The photos and news from the past month’s devastating fires across parts of the West—charred towns, dramatic helicopter rescues, apocalyptic skies—have provoked fear, anger, and an understandable search for blame. It’s clear that fires are getting worse. But why? Scientists point to a number of reasons. Hotter and drier conditions brought on by climate change can prime vegetation to burn, and decades of fire suppression have allowed fuel to accumulate in forests. Millions of people now live closer to those dry forests than ever. And then there is the matter of the beetles.
There are 600 species of bark beetles in the United States, and they’ve evolved with their various host trees over millennia. Many bark beetles infest already dead or dying trees, but some, like the mountain pine beetle, attack living ones. The mountain pine beetle alone has killed roughly 100,000 square miles of trees across western North America over the past 20 years, from New Mexico all the way up to northern British Columbia. Climate change has instigated this dramatic spread, by eliminating the cold spells that kill off the beetles and by leaving the trees stressed by drought, unable to defend themselves.
(Read: Inside California's fight to contain its wildfires.)
The fear is that these enormous expanses of dead trees could, as a recent headline in the Los Angeles Times put it, “fuel unprecedented firestorms” across the West. In California’s Sierra Nevada this year, the fear seems to have been realized: The Creek Fire has so far burned more than 309,033 acres and destroyed 855 structures, and the U.S. Forest Service estimates that 80 to 90 percent of what’s burning is beetle-killed timber. During California’s crippling drought from 2012 to 2017, the Forest Service says, roughly 142 million trees died, mostly in low-elevation ponderosa-pine forests.
But while it may seem obvious that a hillside covered in dead trees is more likely to go up in a deadly blaze than a hillside covered in green, living trees, the connection between beetle-kill and wildfire seems to depend on the type of forest. “You can’t necessarily say that conclusions drawn from fires in California would apply to forests in the Rockies or the Pacific Northwest,” says Emily Francis, a postdoctoral researcher in forest ecology at the University of Texas at Austin. Her doctorate was on the impacts of extreme drought on California’s forests, and her field sites burned in both the CZU Lightning Complex and Creek fires this summer.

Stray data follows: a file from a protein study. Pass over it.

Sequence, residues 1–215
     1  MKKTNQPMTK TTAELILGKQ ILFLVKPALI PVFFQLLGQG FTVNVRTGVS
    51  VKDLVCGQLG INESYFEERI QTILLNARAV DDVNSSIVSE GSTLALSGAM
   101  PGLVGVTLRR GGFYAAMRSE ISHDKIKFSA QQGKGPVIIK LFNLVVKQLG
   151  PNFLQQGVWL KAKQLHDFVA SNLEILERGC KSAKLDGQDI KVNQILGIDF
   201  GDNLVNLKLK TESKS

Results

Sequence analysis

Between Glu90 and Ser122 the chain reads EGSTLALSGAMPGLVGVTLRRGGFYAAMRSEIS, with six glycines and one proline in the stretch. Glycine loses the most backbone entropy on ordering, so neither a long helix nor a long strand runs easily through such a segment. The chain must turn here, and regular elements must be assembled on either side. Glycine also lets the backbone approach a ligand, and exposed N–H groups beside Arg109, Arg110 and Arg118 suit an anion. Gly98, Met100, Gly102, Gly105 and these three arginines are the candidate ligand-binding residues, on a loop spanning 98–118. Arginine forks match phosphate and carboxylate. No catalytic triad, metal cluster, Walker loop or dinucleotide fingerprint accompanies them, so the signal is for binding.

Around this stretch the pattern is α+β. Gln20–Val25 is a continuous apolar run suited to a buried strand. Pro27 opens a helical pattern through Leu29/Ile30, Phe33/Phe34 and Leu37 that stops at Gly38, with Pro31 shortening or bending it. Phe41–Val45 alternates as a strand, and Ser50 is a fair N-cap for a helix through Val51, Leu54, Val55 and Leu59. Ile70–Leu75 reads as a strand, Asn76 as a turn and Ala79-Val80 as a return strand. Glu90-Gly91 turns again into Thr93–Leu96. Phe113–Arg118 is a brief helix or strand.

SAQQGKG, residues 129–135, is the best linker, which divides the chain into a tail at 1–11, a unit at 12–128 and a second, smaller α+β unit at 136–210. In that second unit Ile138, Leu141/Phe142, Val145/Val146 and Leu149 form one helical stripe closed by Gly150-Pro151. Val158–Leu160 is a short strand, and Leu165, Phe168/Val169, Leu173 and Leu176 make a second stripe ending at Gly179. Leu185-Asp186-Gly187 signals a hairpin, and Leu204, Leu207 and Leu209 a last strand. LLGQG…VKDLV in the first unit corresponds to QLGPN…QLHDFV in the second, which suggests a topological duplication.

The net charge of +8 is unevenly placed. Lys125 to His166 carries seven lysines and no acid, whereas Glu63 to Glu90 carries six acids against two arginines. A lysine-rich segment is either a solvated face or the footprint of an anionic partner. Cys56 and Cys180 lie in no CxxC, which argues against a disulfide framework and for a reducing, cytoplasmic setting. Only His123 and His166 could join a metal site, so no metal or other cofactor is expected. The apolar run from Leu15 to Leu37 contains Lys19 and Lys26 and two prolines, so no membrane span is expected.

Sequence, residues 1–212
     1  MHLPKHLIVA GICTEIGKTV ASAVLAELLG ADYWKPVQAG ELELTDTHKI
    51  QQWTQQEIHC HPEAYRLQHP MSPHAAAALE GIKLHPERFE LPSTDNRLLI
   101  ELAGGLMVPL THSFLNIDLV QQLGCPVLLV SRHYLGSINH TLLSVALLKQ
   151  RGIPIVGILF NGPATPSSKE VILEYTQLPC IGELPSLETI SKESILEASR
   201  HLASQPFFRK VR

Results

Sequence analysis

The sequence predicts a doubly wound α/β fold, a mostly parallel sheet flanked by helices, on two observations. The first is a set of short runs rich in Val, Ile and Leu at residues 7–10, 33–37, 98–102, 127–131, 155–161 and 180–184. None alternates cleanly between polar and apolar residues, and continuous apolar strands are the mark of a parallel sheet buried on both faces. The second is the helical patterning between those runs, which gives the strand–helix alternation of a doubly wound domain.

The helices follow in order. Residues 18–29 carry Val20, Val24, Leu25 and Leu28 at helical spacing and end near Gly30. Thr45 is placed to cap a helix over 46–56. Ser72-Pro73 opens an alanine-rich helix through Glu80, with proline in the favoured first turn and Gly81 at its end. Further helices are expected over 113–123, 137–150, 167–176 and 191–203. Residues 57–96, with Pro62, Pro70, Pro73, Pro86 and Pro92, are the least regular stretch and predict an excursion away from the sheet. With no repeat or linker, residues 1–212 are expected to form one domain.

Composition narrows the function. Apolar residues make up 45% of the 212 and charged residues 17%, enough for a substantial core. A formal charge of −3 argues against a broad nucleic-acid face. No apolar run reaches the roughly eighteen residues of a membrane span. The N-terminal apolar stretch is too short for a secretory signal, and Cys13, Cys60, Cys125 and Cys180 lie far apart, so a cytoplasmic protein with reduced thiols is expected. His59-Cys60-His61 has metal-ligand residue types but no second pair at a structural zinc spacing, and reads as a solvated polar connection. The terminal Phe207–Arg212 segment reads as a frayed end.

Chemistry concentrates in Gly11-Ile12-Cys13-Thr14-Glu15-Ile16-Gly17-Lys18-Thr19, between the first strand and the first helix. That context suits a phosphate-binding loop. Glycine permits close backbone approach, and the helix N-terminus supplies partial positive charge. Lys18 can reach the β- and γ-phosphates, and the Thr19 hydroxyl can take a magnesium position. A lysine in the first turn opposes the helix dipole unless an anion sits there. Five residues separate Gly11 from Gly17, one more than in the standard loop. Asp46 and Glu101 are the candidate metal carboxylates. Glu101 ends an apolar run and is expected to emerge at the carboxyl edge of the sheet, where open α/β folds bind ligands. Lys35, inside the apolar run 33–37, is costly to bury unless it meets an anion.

In some forests, beetle infestations don’t seem to make wildfires any worse—and might even limit their severity.
A matter of elevation
In a study published in 2018, a group of fire scientists led by Scott Stephens of the University of California at Berkeley more or less predicted what has happened this year in parts of the Sierra Nevada. In the southern and central Sierras, they warned, “the scale of present tree mortality is so large that greater potential for ‘mass fire’ exists in the coming decades, driven by the amount and continuity of dry, combustible, large woody material that could produce large, severe fires.”
“I am afraid it pretty much described what happened in the Creek Fire,” Stephens says now of that study.
Satellite imagery generally shows the highest heat at the edge of a wildfire, where it moves into unburned areas. But during the first few days of the Creek Fire, the intensity deep inside the burning area was equal to that at the perimeter, Stephens says. “All that dead and downed material was burning and creating a signature equivalent to the flaming edge. We call that a mass fire.”
Lower-elevation ponderosa pine forests, like those in the Sierra Nevada, are especially vulnerable to this type of event because they evolved with frequent, low-intensity fires, burning every five to 25 years. Their natural state was open grass between widely spaced, large trees, so there was less to burn when fires came through. But a century of fire suppression by humans has filled the forests with fuel and more densely packed trees that would otherwise have been thinned out by the periodic fires. Competing for resources, the trees are stressed and more susceptible to beetle outbreaks—which makes the forest more prone to extreme blazes in hot, dry, windy weather.
In the lodgepole-pine forests typical of high elevations in the Rocky Mountains, on the other hand, the story is different. Those forests naturally burn only once every 75 to 300 years, in severe fire events. There, fire suppression hasn’t had much of an impact; whether the trees are alive or killed by beetles, plenty of fuel to burn has built up over time when a fire does come through.
The northern Rocky Mountains and the Pacific Northwest are yet other entities. In interior forests, east of the Cascades, research has shown that beetle outbreaks don’t always impact the severity of fires, and in some cases may actually reduce it. That’s because in those forests, typical fire behavior involves so-called crown fires, which burn through the forest canopy. But following a beetle outbreak, the canopy fuels become much less abundant, as needles and branches fall off the dead trees. It can take a long time after an outbreak for those canopy fuels to come back to levels that are important for active crown fires.